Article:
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Grimms' Fairy Tales
Grimms' Fairy Tales
by Jacob and Wilhelm Grimm
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Rapunzel

Character Analysis

Issues—We Have Them

If your parents sold you to a sorceress for a handful of lettuce, you'd have issues too. Having zero social contact outside the tower probably isn't helping, either (and this was in the days before Facebook). So it's no big surprise that our dear Rapunzel ends up, um, a tad fickle and jumps the bones of the first guy she meets (who, luckily, turns out to be a prince).

When the sorceress finds out about their tryst, she is understandably ticked off. After all, didn't she raise Rapunzel with better values? Didn't she try to protect her from the wicked world by putting her in that tower? Yeah, you try to tell a teenager that something is for her own good. Good luck.

Rapunzel the Rebel

Why does Rapunzel flip out on her adoptive mom? It might have something to do with how the sorceress cut her off from the world entirely. We mean, we're talking about the days before the Internet. Nowadays, if you're grounded, you can just jump into cyberspace and chat it up with your friends, but in early modern Europe, people only locked themselves away from society if they were like, monks or hermits or nuns—a.k.a. super-religious people. Turning away from the world basically meant choosing to be more holy…and it doesn't seem like Rapunzel got that choice.

When the prince hears her song, we're told, "It was Rapunzel, who passed the time in her solitude by letting her sweet voice resound in the forest." So she has a hobby: singing. We're not told whether she wants to make a career of it, or just sings to pass the time, or is secretly practicing to enter German Idol. This at least distinguishes her from other fairy-tale heroines, who just hang out looking pretty all day.

Even after she and the prince lay plans to escape (he brings her silk she'll weave into a ladder, since climbing down her own hair could definitely get awkward), she manages to sabotage herself by saying to the sorceress, "Mother Gothel, how is it that you're much heavier than the prince? When I pull him up, he's here in a second!" (Rapunzel.44). We gotta wonder: is Rapunzel really that stupid, or was she having second thoughts about facing the big wide world? Does she want to quash the rebel inside and sit pretty in the tower for all time?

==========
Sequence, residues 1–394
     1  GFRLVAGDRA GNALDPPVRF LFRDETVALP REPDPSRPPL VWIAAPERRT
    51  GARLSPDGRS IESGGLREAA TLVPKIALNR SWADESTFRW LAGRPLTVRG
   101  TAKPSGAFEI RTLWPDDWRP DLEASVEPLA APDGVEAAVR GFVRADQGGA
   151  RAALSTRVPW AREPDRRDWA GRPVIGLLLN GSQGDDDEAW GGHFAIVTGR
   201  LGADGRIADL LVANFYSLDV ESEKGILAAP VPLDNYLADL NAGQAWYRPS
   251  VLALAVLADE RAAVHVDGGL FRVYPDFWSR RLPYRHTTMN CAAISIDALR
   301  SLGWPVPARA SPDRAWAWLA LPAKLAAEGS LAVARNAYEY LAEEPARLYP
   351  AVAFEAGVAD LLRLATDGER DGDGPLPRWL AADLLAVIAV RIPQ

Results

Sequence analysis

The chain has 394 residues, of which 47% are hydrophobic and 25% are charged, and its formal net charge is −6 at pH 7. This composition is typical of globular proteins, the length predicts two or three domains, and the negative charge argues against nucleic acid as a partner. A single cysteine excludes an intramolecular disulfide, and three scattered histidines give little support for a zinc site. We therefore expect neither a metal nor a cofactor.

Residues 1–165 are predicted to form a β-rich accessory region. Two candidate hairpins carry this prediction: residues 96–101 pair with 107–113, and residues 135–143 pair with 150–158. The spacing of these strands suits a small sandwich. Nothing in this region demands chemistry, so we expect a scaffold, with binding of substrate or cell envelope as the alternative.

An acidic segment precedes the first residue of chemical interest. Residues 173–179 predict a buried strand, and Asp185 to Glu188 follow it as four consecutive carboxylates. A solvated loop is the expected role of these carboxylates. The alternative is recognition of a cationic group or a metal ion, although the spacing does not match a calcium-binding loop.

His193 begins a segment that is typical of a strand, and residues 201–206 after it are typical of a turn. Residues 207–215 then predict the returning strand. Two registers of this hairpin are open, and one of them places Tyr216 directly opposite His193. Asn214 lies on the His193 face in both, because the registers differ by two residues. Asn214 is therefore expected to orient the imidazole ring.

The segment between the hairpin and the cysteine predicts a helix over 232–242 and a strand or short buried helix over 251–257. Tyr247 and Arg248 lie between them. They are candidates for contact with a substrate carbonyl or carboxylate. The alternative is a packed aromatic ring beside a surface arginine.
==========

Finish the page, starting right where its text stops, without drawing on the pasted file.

The Hairless Wonder

Everyone makes a big deal about Rapunzel's hair, and then the sorceress cuts it off to punish her for consorting with the prince: "In fury she seized Rapunzel's beautiful hair, wrapped it around her left hand several times, grabbed a pair of scissors with her right hand, and snip, snap the hair was cut off, and the beautiful braids lay on the ground" (Rapunzel.44). That sounds at least a little traumatic, and in fairy tales where beauty is basically synonymous with goodness and desirability, you have to wonder what kind of a number this scene does on Rapunzel's self-esteem. What's it like to go from bold and gold to bald?

Most fairy-tale heroines suffer degradation or persecution (e.g., Cinderella scrubbing in the ashes, Snow White being cast out of her own kingdom), but then they get hitched and live happily ever after. So it kind of stinks that Rapunzel has to endure this solitary youth, and then endure even more struggles once she's grown up and reached marriageable age. Instead of nabbing herself a man, she winds up a bald, single mother of two. Why no reward for our girl's years of suffering?

Well she probably has to pay some sort of price for acting in what early modern German's might have seen as a less than respectable way. We mean, if she pops out a pair of twins, then we know for sure that she and her prince were definitely up to more than just chatting in that tower. So she's banished to a desolate land, bald, and with two babies and zero hope.

This is where having a fairy godmother would come in handy, but Rapunzel manages to pull a miracle out of thin air all on her own when she meets her prince and heals his blindness with her tears. Why she has magic tears, we don't know, but it works out in her favor since the prince takes her and the kids back to his kingdom. And hey, if she can make it through a rocky adolescence, so can anyone. It just takes some folks a bit longer to come out on top.

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